Bottom Line: Frequent cannabis use by adolescents and young adults was associated with small reductions in cognitive function that appeared to diminish with abstinence over time.
Why The Research Is Interesting: The legality of cannabis and public perceptions of it have shifted in the United States. However, scientific debates about the physical and mental health consequences of cannabis are unresolved.
Who and When: 69 studies published between 1973 and 2017 including 2,152 cannabis users and 6,575 individuals with minimal cannabis use for comparison
What (Study Measures): Results from cognitive tests administered in studies
How (Study Design): This was a systematic review and meta-analysis. A meta-analysis combines the results of multiple studies identified in a systematic review and quantitatively summarizes the overall association between the same exposure and outcomes across all studies.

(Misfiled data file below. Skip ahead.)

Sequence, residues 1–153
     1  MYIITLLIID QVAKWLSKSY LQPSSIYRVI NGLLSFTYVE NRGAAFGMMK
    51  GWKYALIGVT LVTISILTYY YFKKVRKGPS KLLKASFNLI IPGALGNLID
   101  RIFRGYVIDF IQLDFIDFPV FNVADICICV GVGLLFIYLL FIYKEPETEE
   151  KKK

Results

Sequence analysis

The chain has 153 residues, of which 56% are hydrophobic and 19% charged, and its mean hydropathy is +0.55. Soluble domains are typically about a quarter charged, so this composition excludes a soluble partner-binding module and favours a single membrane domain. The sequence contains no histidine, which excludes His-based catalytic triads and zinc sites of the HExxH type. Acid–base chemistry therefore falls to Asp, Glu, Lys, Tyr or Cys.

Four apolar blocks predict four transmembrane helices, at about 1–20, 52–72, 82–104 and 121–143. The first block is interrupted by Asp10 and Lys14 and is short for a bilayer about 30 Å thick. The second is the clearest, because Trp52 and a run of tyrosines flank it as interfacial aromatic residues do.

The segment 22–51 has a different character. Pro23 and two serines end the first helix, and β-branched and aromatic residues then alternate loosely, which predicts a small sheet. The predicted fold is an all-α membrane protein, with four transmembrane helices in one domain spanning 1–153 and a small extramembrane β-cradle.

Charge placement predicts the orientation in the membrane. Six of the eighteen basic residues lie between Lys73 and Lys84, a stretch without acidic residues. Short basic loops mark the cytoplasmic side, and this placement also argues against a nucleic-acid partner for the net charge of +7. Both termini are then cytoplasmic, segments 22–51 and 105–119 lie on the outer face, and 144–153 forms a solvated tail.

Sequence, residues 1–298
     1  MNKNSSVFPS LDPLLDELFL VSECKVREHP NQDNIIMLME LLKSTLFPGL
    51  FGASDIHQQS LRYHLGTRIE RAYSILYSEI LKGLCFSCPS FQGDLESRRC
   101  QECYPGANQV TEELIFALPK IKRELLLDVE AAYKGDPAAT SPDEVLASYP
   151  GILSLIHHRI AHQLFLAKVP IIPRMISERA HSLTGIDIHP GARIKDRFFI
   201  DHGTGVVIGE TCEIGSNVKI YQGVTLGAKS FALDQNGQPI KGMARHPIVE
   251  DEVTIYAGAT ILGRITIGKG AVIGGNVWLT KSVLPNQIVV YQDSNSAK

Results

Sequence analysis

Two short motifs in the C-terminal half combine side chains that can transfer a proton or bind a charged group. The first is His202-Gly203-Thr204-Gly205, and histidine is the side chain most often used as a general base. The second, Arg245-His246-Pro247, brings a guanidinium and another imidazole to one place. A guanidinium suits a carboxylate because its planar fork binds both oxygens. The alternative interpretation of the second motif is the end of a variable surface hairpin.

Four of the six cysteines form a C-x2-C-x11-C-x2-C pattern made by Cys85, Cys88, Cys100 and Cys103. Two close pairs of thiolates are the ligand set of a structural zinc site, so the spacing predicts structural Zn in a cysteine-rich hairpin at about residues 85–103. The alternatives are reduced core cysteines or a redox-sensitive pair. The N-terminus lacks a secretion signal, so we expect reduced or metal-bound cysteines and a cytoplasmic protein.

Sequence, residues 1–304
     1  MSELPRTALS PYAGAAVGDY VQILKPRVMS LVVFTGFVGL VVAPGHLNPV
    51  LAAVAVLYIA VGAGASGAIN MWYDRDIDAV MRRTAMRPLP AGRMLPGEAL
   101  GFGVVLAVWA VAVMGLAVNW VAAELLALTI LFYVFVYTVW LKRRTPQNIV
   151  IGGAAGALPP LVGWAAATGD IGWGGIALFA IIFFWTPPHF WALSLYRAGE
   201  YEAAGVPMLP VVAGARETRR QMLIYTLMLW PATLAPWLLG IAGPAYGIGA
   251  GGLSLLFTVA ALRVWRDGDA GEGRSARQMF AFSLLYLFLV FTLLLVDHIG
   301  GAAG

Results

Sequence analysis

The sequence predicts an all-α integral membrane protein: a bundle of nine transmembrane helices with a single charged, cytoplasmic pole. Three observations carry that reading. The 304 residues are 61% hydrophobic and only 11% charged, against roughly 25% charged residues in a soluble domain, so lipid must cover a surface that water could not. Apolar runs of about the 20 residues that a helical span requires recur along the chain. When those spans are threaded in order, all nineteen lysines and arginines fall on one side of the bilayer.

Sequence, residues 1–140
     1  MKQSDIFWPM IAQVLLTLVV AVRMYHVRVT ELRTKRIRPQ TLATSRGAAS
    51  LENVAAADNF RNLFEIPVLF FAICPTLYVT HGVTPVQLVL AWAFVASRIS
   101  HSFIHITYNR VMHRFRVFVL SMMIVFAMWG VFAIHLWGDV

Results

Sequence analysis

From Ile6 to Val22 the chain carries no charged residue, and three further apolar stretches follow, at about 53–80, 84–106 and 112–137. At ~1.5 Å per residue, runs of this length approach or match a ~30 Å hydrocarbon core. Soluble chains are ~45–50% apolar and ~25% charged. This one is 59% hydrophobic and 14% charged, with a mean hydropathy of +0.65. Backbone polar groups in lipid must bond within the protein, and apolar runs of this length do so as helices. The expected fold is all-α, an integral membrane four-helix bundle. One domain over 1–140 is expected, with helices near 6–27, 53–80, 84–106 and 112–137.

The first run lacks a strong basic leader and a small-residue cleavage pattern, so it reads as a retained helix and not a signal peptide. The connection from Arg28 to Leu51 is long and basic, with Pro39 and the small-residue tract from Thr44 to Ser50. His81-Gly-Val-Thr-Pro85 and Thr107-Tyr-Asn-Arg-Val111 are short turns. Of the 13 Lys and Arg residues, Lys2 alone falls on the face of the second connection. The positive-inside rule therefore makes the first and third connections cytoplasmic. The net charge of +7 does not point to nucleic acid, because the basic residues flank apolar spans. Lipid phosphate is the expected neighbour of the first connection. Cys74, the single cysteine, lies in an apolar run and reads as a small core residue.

Authors: J. Cobb Scott, Ph.D., of the University of Pennsylvania Hospital, Philadelphia, and coauthors
Results: Small cognitive effects were associated with heavy/frequent cannabis use among adolescents and young adults and the results suggest they faded substantially with abstinence longer than 72 hours.
Study Limitations: Consideration of other relevant factors is needed when interpreting the results, including that use of all psychoactive substances is associated with risk, that functional outcomes may be more important than measures of cognitive function, and the study cannot make causal conclusions about marijuana and cognitive functioning.
Study Conclusions: Although continued cannabis use may be associated with small reductions in cognitive functioning, results suggest that cognitive deficits are substantially diminished with abstinence.